Naidoo also said that while Mandela’s participation was critical, the movement was aided by many star negotiators from the trade union movement. Those include Mandela's successor, Thabo Mbeki, and the ANC's deputy president, Cyril Ramaphosa.
 
“We had a whole decade of negotiations on very tough and adversarial issues before the political negotiation process started. So I think generally speaking, the environment and the conditions for negotiations towards a peaceful settlement of the racial question and apartheid issues in South Africa, was led in very different places,” said Naidoo.
 
Steward said that once negotiations started, Mandela came out swinging -- a tactic that might have failed with a different adversary.
 
“In fact, some of his attacks on de Klerk were quite brutal... These issues could have led to serious complications in the negotiating process if different personalities were involved. If P.W. Botha, for example, had been the leader of the National Party at that stage, well, that would have been the end of it. He wouldn’t have tolerated attacks of that nature. But de Klerk, had a, I think, a much longer term view. He wasn’t particularly concerned, although he was angered at the time, by the vitriolic attack. But he realized that the really important thing was to get the negotiations underway. So he just rolled with the punches, so to speak,” explained Steward.
 
Both men also cited two other factors that often come up in discussions about Mandela: his outsized charisma and his humility.
 
It was that rare combination, they said, that allowed this most unusual man to take a brave step that changed the world around him.

You May Like

Multimedia Social Media Documenting, Not Driving, Hong Kong Protests

Unlike in Arab Spring uprisings, pro-democracy protesters in Hong Kong aren't relying on Twitter and Facebook to organize, but social media still plays a role More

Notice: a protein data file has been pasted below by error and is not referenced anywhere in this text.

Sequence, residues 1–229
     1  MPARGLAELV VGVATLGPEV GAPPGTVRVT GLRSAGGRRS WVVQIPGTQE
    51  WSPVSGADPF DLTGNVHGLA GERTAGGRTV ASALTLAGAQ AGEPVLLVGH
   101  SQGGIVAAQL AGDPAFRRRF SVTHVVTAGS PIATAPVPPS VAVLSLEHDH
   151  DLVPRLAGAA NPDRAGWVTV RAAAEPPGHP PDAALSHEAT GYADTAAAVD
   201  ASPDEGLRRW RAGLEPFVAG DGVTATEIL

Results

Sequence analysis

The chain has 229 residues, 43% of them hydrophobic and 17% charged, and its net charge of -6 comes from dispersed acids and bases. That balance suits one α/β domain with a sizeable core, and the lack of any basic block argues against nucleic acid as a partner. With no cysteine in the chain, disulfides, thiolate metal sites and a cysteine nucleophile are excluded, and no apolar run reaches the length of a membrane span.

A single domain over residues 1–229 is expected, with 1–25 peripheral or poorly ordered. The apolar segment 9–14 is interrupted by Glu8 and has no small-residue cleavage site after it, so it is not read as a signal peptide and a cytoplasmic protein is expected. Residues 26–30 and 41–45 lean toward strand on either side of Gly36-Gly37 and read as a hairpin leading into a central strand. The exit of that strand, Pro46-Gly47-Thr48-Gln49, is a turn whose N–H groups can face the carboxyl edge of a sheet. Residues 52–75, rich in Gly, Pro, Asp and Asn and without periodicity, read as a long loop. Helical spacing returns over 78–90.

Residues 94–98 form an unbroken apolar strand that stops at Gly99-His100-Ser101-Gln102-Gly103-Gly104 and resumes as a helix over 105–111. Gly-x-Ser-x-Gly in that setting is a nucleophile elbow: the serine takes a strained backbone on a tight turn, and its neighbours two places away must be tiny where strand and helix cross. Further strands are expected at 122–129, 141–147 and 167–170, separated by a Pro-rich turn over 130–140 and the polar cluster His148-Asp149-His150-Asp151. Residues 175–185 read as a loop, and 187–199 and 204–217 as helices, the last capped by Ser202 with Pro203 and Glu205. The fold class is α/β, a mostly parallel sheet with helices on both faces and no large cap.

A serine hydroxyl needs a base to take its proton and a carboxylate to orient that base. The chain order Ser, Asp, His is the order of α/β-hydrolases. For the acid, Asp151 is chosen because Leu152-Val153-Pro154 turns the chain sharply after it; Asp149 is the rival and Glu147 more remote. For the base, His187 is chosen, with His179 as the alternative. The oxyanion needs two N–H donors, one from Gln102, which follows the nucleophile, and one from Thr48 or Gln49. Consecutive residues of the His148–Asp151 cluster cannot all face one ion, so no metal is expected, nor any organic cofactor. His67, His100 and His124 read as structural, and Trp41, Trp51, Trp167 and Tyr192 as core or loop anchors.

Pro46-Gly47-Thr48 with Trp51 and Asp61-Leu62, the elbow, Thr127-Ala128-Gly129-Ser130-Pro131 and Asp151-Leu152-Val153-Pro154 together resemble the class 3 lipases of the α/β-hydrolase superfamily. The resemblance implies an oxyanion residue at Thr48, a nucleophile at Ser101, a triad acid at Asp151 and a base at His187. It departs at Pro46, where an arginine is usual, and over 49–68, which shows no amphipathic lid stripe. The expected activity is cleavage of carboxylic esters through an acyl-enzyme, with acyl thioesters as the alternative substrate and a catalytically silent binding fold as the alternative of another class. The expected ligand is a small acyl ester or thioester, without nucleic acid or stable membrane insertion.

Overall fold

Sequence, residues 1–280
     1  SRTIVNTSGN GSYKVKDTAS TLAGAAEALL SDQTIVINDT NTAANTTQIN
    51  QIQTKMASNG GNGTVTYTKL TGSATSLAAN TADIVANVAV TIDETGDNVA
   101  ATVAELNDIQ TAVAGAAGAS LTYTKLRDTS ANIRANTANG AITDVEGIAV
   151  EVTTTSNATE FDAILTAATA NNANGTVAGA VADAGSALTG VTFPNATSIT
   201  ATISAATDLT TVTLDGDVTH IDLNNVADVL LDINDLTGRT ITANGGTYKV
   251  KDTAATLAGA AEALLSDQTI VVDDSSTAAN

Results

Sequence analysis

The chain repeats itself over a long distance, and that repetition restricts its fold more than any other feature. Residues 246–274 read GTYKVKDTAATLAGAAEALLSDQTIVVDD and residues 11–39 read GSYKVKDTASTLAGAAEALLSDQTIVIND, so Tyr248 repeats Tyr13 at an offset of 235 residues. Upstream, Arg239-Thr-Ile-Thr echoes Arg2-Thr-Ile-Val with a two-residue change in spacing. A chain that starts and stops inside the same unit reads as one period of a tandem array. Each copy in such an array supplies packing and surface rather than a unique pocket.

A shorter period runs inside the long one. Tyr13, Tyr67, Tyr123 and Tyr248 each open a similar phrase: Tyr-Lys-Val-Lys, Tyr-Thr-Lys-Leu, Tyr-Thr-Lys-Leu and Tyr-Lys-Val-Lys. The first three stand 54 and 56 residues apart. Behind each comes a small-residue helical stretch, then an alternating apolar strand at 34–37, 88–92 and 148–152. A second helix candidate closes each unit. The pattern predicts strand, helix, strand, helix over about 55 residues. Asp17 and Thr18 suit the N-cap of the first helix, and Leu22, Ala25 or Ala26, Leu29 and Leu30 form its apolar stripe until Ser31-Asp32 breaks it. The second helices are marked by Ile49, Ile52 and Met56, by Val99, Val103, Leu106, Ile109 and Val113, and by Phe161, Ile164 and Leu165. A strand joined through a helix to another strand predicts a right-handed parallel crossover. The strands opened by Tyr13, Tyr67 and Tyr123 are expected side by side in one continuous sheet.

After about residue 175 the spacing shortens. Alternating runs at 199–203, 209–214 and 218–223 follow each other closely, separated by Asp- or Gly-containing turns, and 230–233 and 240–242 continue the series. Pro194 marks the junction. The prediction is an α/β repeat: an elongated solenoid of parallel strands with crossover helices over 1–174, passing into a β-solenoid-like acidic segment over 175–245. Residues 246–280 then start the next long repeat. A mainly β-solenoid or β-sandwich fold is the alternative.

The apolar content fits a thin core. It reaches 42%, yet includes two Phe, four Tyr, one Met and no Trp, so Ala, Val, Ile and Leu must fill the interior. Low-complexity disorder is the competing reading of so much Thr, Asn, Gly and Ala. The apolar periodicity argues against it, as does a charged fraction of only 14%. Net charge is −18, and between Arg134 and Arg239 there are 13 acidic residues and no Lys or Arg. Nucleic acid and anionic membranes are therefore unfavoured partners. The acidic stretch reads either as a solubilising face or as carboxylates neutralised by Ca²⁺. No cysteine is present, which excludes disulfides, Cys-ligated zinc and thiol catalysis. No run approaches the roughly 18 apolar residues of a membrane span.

Analysis: Occupy Central Not Exactly Hong Kong’s Tiananmen

VOA's former Hong Kong, Beijing correspondent compares and contrasts 1989 Tiananmen Square protest with what is now happening in Hong Kong More

Bambari Hospital a Lone Place of Help in Violence-Plagued CAR

Only establishment still functioning in CAR's second city is main hospital More

Featured Videos

Your JavaScript is turned off or you have an old version of Adobe's Flash Player. Get the latest Flash player.
The Legacy of Jimmy Carter: The Preacher from Plainsi
X
October 01, 2014 10:45 AM
It is common in the United States to see tourists flock to sites associated with America's presidents. Some are privately owned and others are run by the National Park Service or the National Archives -- but most have helped draw business and people into the towns and cities where they are located. As VOA’s Kane Farabaugh reports, there is one particular presidential hometown that is unique in what it has to offer those who make the trip.
Video

Video The Legacy of Jimmy Carter: The Preacher from Plains

It is common in the United States to see tourists flock to sites associated with America's presidents. Some are privately owned and others are run by the National Park Service or the National Archives -- but most have helped draw business and people into the towns and cities where they are located. As VOA’s Kane Farabaugh reports, there is one particular presidential hometown that is unique in what it has to offer those who make the trip.
Video

Video Hong Kong Protests Draw New Supporters on National Holiday